It is not surprising that, in a country with an advanced working class, the agricultural and food products we export are those that require human skill to endow them with their qualities, added-value products rather than raw commodities, products such as smoked salmon, cheese, beer and even wine. Others include oysters, natural honey, gin, cider, flavourings and specialist ingredients.
British agriculture employs relatively few workers. In 1851 1.7 million worked in agriculture, the lowest proportion of any European country at that time. By 1921 there were 1 million. Now it’s around 400,000. But apart from the importance to the population as a whole of those workers who work on the land, their work is interdependent with the labour of many others.
Some produce and maintain agricultural machinery and precision tools, some are involved with veterinary medicines, feedstuffs, crop protection and nutrition, seeds, genetics, computing, energy generation and infrastructure.
The same is true of fisheries – each fisherman on the water requires boat builders and boatyards, fuel, suppliers of nets and other gear, fishmongers and distribution workers. And then the agrifood sector also employs all those who manufacture and process foodstuffs, and who work in transport, sale and in the service industries that feed workers.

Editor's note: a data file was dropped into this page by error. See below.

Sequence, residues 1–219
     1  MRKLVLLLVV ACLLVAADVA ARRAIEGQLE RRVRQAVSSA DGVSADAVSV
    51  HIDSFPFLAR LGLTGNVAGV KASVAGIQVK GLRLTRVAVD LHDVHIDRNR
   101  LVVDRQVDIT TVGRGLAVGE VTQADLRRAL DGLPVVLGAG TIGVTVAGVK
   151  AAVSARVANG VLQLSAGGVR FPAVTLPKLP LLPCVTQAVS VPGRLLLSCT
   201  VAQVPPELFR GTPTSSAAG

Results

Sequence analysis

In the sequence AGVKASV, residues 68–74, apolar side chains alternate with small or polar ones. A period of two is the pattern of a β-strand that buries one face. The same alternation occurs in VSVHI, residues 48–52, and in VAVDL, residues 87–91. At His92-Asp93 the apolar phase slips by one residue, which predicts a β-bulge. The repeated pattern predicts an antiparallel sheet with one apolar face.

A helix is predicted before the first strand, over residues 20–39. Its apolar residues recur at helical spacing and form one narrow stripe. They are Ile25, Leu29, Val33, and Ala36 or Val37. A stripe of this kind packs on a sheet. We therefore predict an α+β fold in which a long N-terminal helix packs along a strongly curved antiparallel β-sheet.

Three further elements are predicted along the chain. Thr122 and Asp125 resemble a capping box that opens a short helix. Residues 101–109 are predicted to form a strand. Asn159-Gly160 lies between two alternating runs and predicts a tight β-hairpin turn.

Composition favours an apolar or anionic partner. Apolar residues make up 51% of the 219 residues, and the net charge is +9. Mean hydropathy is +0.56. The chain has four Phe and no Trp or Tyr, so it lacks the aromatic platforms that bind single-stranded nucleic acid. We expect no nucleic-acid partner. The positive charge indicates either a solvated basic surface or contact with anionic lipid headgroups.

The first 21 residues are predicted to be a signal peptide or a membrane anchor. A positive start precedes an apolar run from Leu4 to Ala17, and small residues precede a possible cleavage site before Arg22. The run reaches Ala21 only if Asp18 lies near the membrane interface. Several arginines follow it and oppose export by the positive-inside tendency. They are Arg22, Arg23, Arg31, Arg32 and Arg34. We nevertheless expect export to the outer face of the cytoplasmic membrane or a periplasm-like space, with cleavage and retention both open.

‘Free movement allowed employers to perpetuate the gangmaster system.’
But some employers in agriculture and horticulture backed the EU and the “right to free movement”. It allowed them to employ itinerant, seasonal workers on poverty wages, herded into filthy dormitories perpetuating the gangmaster system. The death of the Chinese cockle pickers in Morecambe Bay in 2004 was the consequence of this people-trafficking. Particularly in East Anglia, criminal gangs continue to enrich themselves on this system.
Now is the time to build more proper jobs in agriculture, with guaranteed year-round employment, and career structures. The intelligence of a modern nation can find a solution to fluctuations in the need for labour from place to place and time to time.
Public health professionals have rightly focused attention on the consequences for the nation of poor diet and housing, and their relationship to many of the diseases that afflict us. Workers in the NHS too must be involved in deciding how and what we produce and import.